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SRL plays a critical role in the design and architecture of Hitachi's SuperH family of RISC microprocessors used in portable communications, applications and computing. One of SRL's most significant contributions was the development of the first hybrid RISC/DSP microprocessor in 1995. This processor combines the 16-bit RISC instructions and rich peripherals of an SH2/3 micro controller with the fixed-point number-crunching capability of a Texas Instruments C54x DSP. A single SH-DSP chip can often replace dual controller/DSP solutions, thus reducing total system cost as inter-processor communication is eliminated.
Hitachi's SH3-DSP processor, at 133MHz with 16KB cache, is ideal for network and communications applications, including VoIP and streaming audio/video compression/decompression (CODEC) in PDA and cell phone form factors. Since 1998, SRL has contributed to the enhancement of the SH processor and designed the multimedia instruction-set, branch/fetch architectures and implemented mixed-mode PLL circuits for the SH5 processor, a joint venture between ST Microelectronics and Hitachi, Ltd.
In addition to designing the instruction-set architecture for SuperH processors, SRL has developed a large portfolio of multimedia software which is distributed via Hitachi Semiconductor (America), Inc., SuperH, Inc. and Hitachi, Ltd.
As broadband Internet connections to homes, and portable wireless devices proliferate, the transfer of music, speech, and video images over the Internet becomes possible. SRL has made strong relationships with industry leaders in this field to make their proprietary software work efficiently on Hitachi's DSP-capable processors. Both Microsoft Windows Media Technology and Real Networks technology is now supported. MPEG4 standards are also available.
Targeting video conferencing as an emerging application for Internet Protocol consumers, SRL developed SH-DSP software for speech compression, (VoIP) video CODEC, and line/acoustic echo cancellation software. This lead to Voice over Internet Protocol (VoIP) initiatives with Cisco Systems and other partners. SRL demonstration systems support signalling protocol technologies including ITU H.323, session initiation protocol (SIP), and media gateway control protocol (MGCP).
Hitachi this year announced its Application Processor for mobile phones and PDA. SRL is playing an important role in developing software and accelerators for this SH-3-DSP based platform and supporting its promotion in North America. In addition to integrations standards-based software, we are optimizing and integrating technology from such partners as Microsoft, RealNetworks, Verance, Sony, PointBase, EyeMatic, and OpenWave. A longer term goal is to accelerate software with a flexible SoC engine which provides speed-up of pure LSI circuits combined with the programmability of a micro-computer.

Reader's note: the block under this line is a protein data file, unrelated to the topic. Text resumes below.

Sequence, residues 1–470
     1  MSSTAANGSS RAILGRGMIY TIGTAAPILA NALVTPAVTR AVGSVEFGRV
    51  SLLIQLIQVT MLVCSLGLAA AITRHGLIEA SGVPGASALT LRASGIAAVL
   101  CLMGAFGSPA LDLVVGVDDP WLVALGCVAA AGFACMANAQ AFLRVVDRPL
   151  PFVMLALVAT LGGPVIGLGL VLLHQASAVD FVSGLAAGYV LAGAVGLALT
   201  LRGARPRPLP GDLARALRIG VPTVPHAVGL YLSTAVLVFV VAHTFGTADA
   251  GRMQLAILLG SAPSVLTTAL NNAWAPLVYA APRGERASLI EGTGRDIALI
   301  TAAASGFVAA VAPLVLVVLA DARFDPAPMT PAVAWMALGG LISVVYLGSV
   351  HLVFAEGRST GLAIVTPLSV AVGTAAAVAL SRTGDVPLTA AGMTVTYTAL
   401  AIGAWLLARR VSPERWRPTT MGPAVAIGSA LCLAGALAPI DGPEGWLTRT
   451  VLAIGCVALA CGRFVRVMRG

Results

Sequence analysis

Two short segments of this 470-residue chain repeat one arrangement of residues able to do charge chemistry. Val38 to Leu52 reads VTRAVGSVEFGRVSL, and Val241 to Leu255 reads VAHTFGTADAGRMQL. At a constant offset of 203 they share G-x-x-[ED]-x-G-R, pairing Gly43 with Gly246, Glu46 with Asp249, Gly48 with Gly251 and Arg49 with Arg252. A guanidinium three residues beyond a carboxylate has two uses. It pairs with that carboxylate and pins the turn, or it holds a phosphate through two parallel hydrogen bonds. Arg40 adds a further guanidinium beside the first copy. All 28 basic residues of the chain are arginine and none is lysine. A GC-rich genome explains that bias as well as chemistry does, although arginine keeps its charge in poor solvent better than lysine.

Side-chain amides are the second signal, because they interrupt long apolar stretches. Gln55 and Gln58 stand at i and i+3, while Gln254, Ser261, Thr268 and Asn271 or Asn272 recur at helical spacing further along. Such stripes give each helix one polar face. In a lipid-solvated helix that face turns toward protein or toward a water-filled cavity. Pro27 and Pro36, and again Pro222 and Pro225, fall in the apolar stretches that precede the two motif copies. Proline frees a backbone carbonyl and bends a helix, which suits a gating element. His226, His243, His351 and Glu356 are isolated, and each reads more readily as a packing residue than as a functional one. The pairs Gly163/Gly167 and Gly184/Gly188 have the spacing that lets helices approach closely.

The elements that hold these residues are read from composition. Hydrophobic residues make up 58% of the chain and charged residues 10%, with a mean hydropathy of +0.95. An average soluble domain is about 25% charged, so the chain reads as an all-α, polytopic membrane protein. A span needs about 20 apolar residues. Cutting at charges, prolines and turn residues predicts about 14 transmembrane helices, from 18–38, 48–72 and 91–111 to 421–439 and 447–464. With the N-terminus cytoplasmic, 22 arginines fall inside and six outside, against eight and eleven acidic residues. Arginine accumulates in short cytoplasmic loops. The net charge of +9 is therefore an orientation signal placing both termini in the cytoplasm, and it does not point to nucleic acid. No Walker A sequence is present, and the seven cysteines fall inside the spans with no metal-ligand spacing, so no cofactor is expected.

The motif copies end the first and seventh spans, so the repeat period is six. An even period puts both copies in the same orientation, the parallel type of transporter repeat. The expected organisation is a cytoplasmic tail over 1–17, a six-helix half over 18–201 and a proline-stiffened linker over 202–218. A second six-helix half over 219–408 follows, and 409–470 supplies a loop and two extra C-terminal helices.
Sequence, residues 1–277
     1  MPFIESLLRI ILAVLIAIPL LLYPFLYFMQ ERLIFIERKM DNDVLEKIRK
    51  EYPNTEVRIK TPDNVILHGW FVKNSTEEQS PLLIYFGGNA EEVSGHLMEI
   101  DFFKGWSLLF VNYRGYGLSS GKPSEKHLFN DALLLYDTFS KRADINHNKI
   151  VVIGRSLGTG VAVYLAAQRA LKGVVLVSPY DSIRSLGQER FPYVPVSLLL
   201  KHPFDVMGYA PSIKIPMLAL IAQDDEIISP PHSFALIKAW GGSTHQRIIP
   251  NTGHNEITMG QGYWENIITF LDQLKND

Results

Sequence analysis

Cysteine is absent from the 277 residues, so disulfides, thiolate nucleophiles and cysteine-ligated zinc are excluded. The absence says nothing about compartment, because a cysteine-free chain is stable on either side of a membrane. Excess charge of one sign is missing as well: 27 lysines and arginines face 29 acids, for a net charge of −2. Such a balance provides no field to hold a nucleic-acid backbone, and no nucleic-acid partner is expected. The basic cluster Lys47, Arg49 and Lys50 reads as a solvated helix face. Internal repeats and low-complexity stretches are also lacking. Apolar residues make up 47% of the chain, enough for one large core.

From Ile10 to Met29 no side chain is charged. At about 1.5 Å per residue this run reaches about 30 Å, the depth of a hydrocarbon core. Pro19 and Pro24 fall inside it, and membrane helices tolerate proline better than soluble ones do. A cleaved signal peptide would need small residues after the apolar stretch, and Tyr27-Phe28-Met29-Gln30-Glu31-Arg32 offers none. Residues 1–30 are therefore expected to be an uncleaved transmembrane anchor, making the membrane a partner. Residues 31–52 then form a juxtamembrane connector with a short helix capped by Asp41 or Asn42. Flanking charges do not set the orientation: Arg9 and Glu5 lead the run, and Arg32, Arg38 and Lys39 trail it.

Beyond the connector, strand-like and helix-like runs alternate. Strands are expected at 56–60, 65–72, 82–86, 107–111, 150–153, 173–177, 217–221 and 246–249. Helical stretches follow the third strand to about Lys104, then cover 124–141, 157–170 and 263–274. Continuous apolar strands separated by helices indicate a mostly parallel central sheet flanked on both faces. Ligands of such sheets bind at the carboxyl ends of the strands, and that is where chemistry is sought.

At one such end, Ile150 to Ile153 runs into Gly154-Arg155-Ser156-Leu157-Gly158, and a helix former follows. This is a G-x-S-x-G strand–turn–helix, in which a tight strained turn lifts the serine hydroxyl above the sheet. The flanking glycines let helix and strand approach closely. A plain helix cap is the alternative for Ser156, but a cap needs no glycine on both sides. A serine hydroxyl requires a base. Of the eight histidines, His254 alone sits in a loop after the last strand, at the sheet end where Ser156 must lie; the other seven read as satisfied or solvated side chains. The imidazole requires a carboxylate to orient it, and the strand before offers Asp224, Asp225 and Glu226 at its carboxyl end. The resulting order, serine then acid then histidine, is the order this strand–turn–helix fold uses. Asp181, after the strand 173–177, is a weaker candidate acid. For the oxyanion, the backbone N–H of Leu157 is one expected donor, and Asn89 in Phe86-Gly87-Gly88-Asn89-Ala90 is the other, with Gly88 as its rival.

In the area of System-chip technology, SRL has defined a SoC integration platform targeting the US Broadband Access and Car Information System (CIS) markets. These platforms utilize SH capabilities in a real-world environment and provide software development platforms that define SH-based application-specific system LSIs. Our work encompasses development and use of instruction set simulators and virtual models of processors, development of application software both in processor-optimized assembly as well as in encapsulated system modeling languages, modeling system architecture components, and integrating the entire system using state-of-the-art co-design
and co-verification tools from leading EDA vendors such as Cadence and Co-Ware.
SRL has established a tradition in collaborating with leading institutions in North America and Europe to foster state-of-the-art research and development. We have collaborated with universities such as Penn State University in developing low power microprocessor architectures, University of California at Berkeley, Ptolemy Group in the area of visual programming and systems modeling, and the University of California at Davis for digital circuit design. We have recently completed a project with the
University of Edinburgh in Scotland on developing networking software for wireless LANs. We are currently collaborating with the Berkeley Wireless Research Center for sensor networks and ultra-wideband wireless technology.